Monday, April 25, 2011

The Second Coming by W.B. Yeats Class

Literature, in particular Shakespeare, is my passion, avocation and the focus of my academic studies. But I find that The Second Coming by W.B. Yeats is particularly relevant for this time in history (the Zeitgeist, if you will).

I can offer a great class in-person with actual students, discussions and writing assignments which can illuminate our current predicament and point the way to global solutions. Grandiose, you might say. What have you got to lose?

Some ideas and deconstruction of the poem:

Proposal: Teach a class with “The Second Coming: W.B. Yeats” as centerpiece.

Can either be “Post-WWI Poems (T.S. Eliot?) or literature in general (Woolf, Hemingway).

Or can be put in context with the cataclysmic events occurring now (the uprisings in the Middle East, the environmental oddities such as hurricanes/tornadoes in U.S., the nuclear meltdown in Japan).

Or teach it alongside John’s Book of Revelation.

The Second Coming by William Butler Yeats

Turning and turning in the widening gyre [Entropy; things become disconnected and further apart]
The falcon cannot hear the falconer; [the natural order of man to animal is upended]
Things fall apart; the centre cannot hold; [That which glues us together as the global community is spinning out of control; disaster has struck]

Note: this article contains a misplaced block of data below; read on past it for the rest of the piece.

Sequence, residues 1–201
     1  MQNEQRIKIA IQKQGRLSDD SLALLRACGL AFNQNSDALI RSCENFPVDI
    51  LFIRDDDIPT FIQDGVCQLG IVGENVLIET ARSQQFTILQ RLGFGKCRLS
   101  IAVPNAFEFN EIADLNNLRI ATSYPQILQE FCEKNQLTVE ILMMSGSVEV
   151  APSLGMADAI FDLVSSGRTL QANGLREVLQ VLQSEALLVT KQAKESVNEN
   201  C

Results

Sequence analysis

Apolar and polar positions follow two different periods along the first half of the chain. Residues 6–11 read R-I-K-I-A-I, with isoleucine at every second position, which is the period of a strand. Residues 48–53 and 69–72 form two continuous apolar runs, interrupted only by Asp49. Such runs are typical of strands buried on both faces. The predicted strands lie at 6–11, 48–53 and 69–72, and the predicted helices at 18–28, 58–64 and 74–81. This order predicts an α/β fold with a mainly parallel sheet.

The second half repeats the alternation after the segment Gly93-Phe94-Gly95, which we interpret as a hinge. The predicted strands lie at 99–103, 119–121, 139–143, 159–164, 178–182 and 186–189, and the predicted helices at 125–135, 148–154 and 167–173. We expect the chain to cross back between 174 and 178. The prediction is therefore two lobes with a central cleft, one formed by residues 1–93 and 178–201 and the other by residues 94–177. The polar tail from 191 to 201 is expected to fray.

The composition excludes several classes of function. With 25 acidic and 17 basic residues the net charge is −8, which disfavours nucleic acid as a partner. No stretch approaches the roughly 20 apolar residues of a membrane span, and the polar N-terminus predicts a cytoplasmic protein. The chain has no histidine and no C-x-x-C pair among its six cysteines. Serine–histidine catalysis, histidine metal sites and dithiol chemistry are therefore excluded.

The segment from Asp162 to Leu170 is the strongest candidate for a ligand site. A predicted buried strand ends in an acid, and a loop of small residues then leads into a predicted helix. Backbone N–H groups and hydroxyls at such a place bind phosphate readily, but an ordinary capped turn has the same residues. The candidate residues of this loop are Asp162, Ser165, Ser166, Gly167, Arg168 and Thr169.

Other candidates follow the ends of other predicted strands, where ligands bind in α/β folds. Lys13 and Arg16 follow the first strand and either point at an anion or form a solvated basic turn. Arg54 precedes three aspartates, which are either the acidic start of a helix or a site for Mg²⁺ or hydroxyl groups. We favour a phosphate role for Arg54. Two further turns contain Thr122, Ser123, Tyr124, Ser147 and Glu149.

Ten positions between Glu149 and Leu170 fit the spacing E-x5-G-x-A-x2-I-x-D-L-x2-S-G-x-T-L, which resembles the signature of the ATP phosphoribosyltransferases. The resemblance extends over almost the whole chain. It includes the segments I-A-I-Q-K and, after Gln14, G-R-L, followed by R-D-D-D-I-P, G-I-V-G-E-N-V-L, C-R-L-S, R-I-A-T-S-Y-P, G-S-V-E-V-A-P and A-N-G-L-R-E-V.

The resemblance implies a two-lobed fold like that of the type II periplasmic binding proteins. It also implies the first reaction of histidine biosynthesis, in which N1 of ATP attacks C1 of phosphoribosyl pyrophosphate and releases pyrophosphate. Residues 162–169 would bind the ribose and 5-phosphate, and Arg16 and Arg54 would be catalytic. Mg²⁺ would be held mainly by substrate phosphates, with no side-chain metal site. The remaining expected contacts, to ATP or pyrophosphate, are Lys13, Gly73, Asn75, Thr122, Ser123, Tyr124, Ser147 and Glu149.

Mere anarchy is loosed upon the world, [WWI was thought of as the Great War; young people eagerly embraced it and signed up in droves; they were destroyed in mind and body]
The blood-dimmed tide is loosed, and everywhere
The ceremony of innocence is drowned;
The best lack all conviction, while the worst [those who are thoughtful enough to protest hold back while the others, “the worst”, take control of human activity; we head for the cliffs]
Are full of passionate intensity.

Surely some revelation is at hand;
Surely the Second Coming is at hand.
The Second Coming! Hardly are those words out
When a vast image out of Spiritus Mundi [“Soul of the World”] Troubles my sight: a waste of desert sand;
A shape with lion body and the head of a man, [the Sphinx; an Egyptian pharaoh; posing the riddle for Oedipus-complex?]
A gaze blank and pitiless as the sun,
Is moving its slow thighs, while all about it
Wind shadows of the indignant desert birds. [Out of the desert where the holy men/prophets came; the beast/savior is angry, without pity for human folly moving inexorably toward its purpose]

The darkness drops again but now I know
That twenty centuries of stony sleep
Were vexed to nightmare by a rocking cradle, [Christ was the nightmare referred to to in the poem; his name means "truth" in Greek; He disturbed the slumber of mankind with harsh truths]

And what rough beast, its hour come round at last,
Slouches towards Bethlehem to be born? [Discuss: Who was born in Bethlehem? Fearful retribution-the cleansing; redemption?]

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